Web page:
Many prophets of the Old Testament carried a tremendous burden: being the bearer of troubling news. This was true of Jeremiah, and it was true of many others as well. Jeremiah, in particular, was commanded by the Lord to deliver dire warning after dire warning. The criticality of the message was severe: if the warnings did not spur repentance, or revival, then unimaginable destruction and pain would be brought to the kingdom of Judah. This was a difficult task indeed. In the end, Jeremiah was rejected by the people. And Judah was invaded, and defeated, by Babylon. Jeremiah absorbed the weight of the imminent doom. He became so broken, and dejected, at the callousness of his fellow Hebrew people that he despaired living. He knew he would see the dreaded days, the ones that had long been proclaimed and prophesied by so many, including himself. Jeremiah felt like a lone voice, and in some respects he was a lone voice. But speaking truth unaccompanied, in the service of God, is far better than speaking folly with the whole of the world, driven by selfish ambition. Jeremiah had a truly hard mission, but he did it, and his legacy is both admirable and commendable.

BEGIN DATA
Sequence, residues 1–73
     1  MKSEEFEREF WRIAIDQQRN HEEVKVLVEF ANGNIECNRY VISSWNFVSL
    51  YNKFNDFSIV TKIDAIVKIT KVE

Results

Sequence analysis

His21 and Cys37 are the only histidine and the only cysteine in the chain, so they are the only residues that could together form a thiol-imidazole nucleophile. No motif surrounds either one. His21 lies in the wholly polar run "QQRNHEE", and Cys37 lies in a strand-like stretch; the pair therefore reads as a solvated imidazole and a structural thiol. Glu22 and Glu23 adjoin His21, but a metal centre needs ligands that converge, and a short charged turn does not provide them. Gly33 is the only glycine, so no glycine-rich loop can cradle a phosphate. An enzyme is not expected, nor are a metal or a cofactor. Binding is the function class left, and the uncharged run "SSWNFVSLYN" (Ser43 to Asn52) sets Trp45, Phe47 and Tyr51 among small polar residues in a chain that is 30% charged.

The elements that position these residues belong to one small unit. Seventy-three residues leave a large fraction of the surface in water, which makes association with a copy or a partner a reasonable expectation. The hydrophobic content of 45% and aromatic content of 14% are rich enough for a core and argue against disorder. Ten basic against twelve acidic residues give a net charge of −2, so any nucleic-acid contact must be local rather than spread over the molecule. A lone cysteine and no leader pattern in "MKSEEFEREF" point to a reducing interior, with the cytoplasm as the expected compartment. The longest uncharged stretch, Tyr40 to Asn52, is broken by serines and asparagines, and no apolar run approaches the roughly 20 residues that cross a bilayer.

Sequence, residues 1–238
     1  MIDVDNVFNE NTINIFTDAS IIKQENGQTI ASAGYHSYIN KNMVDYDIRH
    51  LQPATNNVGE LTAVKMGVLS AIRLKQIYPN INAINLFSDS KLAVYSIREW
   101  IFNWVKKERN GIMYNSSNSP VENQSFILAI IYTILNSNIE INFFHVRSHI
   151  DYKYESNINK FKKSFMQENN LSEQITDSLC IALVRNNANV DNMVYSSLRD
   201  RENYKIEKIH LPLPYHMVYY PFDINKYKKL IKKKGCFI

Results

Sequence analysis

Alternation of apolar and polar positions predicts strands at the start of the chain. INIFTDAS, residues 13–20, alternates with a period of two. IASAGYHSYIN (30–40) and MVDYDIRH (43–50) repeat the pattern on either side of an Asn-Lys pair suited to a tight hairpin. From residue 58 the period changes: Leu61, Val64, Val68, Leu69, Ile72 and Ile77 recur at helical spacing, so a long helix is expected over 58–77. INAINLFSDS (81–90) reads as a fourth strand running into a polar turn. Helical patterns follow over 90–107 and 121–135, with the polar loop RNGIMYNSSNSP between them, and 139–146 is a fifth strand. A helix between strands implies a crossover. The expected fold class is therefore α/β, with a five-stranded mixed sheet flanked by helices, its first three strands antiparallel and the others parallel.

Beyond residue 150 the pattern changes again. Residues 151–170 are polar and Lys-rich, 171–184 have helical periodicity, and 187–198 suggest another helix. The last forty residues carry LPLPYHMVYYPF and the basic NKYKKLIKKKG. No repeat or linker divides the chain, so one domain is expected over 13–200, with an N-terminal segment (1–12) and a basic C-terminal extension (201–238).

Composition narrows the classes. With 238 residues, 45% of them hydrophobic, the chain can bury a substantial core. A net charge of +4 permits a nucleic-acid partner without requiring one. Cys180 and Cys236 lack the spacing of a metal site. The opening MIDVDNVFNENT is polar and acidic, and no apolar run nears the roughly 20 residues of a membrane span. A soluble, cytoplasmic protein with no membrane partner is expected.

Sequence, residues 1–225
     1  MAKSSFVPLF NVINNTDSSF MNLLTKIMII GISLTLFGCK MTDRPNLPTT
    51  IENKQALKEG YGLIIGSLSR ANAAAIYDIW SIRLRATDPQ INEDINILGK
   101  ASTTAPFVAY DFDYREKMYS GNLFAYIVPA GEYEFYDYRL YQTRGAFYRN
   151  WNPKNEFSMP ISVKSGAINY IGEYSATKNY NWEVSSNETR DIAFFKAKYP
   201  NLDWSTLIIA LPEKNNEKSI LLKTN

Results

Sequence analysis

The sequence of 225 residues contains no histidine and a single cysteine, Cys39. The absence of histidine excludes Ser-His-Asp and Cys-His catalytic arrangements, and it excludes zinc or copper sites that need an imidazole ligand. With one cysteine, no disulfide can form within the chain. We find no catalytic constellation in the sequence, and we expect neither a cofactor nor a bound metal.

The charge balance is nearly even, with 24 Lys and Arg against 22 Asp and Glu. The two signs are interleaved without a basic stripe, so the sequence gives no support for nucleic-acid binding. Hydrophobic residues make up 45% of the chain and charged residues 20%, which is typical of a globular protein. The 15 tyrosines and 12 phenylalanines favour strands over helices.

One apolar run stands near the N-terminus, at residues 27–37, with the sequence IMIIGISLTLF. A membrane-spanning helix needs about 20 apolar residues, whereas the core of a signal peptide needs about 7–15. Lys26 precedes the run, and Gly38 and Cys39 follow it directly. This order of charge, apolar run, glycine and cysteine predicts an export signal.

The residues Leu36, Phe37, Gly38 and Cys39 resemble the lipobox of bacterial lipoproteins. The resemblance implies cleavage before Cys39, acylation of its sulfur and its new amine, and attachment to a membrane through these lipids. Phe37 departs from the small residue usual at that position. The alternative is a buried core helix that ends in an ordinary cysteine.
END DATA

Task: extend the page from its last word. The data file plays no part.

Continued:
Jeremiah 20:14 “Cursed be the day I was born! May the day my mother bore me not be blessed!” (NIV)
Kevin Orr (8/6/2019)